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By Christian M. Hartley
For Senior Voice 

Remember safety when firing up the woodstove


October 1, 2023 | View PDF

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There is nothing that sounds like winter more than crackling wood in a woodstove and the thuds and groans of children stacking firewood. But it's important to remember that a maintained stove is a safe stove.

Get an annual inspection from a chimney sweep. They'll check for creosote buildup, damage and function in the chimney. To find one, contact local woodstove vendors and ask them for referrals. Ask friends with fireplaces to get referrals or remind them to clean their own. Add a second inspection annually in January if you can.

Clean the firebox after every use. To clean, remove unburned wood and ash and place into a metal bucket and cool outside for at least seven days before disposing into a dumpster, or use the ash for projects like your garden, an ashpit for chickens to clean themselves in, or to sprinkle outdoor in a gravel area.

Chimney caps are very important on chimneys to keep birds, animals and debris from entering your chimney. They can also catch embers as they exit if you have an ember screen on your cap, which is a very cheap addition. In addition, it will keep rain and snow out of the stack.

Regularly check for cracks in your stovepipe and watch for smoke escaping from the fireplace when It's closed. Cracks allow smoke and carbon monoxide to escape and can also allow fresh air to enter that you cannot control and increase the temperature, possibly resulting in a chimney fire. Make repairs immediately.

Burn seasoned hardwoods like birch, poplar, willow or alder. Softwoods like pine, spruce or cedar are okay to start a fire but never to burn for very long. Cottonwood is a medium between the two in that it doesn't produce a lot of heat and sparks but it also doesn't burn so slowly that it is incomplete.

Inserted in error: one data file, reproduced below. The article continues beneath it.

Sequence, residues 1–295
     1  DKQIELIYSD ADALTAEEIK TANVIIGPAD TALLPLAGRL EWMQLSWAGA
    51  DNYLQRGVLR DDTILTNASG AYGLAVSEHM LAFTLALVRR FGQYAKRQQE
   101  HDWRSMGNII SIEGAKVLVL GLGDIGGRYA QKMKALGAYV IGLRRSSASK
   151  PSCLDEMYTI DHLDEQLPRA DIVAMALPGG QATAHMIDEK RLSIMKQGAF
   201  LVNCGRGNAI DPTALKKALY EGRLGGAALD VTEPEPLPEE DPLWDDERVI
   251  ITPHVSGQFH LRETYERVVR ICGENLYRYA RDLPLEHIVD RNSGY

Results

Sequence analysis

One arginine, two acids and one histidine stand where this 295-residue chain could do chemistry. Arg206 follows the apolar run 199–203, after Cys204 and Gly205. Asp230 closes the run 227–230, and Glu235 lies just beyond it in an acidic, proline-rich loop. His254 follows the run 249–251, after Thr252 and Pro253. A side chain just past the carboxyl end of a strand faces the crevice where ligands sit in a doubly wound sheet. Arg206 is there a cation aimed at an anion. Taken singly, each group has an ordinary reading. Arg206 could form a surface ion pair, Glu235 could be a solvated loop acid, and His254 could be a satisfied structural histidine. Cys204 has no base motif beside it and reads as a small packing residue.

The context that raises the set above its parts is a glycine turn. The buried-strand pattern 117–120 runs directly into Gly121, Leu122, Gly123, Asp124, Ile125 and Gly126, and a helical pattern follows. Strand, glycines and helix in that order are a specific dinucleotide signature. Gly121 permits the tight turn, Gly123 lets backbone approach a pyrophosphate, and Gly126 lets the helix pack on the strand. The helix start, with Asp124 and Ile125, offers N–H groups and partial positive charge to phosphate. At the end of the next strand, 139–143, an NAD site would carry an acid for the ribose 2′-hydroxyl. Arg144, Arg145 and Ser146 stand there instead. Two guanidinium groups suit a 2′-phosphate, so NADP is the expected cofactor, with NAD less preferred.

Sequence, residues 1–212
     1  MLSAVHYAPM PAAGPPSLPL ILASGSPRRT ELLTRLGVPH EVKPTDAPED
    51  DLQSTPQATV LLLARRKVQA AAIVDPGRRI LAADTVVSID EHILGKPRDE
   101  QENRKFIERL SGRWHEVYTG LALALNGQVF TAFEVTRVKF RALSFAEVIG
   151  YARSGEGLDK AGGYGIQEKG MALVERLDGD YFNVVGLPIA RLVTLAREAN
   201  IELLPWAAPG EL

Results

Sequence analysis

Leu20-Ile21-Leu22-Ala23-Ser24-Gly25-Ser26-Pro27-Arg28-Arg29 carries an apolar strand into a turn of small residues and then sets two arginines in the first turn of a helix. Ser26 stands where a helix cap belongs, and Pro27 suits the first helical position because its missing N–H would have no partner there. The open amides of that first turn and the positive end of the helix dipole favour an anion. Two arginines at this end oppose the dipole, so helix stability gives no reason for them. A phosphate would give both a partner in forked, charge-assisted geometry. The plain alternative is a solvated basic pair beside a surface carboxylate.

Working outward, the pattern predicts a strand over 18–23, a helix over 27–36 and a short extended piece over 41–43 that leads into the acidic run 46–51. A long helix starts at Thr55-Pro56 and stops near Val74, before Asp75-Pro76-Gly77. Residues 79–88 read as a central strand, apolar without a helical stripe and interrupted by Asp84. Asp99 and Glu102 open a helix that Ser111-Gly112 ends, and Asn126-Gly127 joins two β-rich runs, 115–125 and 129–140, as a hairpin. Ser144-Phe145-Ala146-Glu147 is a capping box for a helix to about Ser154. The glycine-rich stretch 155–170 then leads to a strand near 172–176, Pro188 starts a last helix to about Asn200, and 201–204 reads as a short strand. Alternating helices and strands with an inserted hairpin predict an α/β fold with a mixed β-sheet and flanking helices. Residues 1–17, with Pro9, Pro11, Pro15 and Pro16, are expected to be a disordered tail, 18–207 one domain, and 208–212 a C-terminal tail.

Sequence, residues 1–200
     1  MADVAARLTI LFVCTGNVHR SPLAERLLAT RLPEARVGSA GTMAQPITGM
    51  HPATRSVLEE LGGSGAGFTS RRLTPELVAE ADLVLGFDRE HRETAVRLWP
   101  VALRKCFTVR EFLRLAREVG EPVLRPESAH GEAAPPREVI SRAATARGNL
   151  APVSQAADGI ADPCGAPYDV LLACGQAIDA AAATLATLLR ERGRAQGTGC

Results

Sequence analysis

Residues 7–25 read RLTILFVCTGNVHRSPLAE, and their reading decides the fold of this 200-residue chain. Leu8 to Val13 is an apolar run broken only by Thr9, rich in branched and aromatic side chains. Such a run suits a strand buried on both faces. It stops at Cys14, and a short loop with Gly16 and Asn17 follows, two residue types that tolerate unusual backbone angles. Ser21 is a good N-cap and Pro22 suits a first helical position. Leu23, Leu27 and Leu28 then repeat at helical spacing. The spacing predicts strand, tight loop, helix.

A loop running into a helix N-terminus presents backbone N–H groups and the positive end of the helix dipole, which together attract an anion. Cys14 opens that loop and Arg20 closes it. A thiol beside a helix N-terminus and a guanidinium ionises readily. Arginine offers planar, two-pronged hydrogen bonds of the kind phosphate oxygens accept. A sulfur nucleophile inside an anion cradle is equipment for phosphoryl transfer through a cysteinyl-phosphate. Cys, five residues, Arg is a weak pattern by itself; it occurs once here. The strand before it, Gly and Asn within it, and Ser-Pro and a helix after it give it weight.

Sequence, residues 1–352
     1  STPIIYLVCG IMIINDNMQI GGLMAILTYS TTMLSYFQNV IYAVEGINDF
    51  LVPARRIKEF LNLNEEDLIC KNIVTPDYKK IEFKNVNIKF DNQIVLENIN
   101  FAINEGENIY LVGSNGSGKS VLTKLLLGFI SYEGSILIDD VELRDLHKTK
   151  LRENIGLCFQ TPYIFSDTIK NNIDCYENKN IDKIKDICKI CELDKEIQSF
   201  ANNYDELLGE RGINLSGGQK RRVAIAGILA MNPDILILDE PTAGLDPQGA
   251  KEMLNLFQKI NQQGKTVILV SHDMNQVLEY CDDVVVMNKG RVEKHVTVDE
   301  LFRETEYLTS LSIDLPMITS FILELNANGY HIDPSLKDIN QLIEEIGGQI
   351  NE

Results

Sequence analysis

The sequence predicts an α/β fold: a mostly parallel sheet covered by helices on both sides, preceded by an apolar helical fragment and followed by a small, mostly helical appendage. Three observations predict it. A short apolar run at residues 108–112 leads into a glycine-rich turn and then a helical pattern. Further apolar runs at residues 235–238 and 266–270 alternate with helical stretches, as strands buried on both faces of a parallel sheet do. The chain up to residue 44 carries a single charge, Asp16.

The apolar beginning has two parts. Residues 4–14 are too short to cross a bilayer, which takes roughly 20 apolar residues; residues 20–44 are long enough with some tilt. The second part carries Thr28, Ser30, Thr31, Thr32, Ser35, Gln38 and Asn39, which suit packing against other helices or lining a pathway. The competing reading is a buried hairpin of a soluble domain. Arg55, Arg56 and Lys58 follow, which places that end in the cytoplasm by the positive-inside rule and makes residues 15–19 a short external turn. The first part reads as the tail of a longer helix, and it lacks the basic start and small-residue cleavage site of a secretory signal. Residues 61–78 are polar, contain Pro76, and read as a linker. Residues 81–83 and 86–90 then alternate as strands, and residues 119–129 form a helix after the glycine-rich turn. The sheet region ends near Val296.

Overloading your fireplace can lead to overheating and damage. Follow your manufacturer's guidelines for this, but a good rule of thumb is to never fill a firebox more than the height of the bricks inside of it. If you do not have bricks or are putting your own in, keep it under one-third filled.

Too much wood, burning soft wood, and too much air will increase the temperature of the fire. You can tell that a fire is too hot by several things. A whooshing sound inside the firebox or chimney is a sign that it is drawing in oxygen faster than it is designed to. A red glow at the base or along the chimney is another key indicator. If either of these are present, your risk of a chimney fire is significant and you need to mitigate the hazard immediately. Decrease the amount of air getting in by closing the air intake or closing the flue, or open the door and throw a coffee mug of water onto the fire to decrease it and immediately shut the door. Call 9-1-1 immediately if you have a chimney fire.

Keep the area around your fireplace clear of flammable materials, including curtains, furniture and rugs for at least. Do not allow anything or anyone to get within 3 feet of the fireplace. Install a carbon monoxide detector near your fireplace to ensure your family's safety. If you notice any issues with your fireplace, call a professional for prompt repairs. Do not put your life at risk for a quick or cheap fix.

Christian M. Hartley is a 40-year Alaskan resident with over 25 years of public safety and public service experience. He is the City of Houston Fire Chief and also serves on many local and state workgroups, boards and commissions related to safety. He lives in Big Lake with his wife of 19 years and their three teenage sons.


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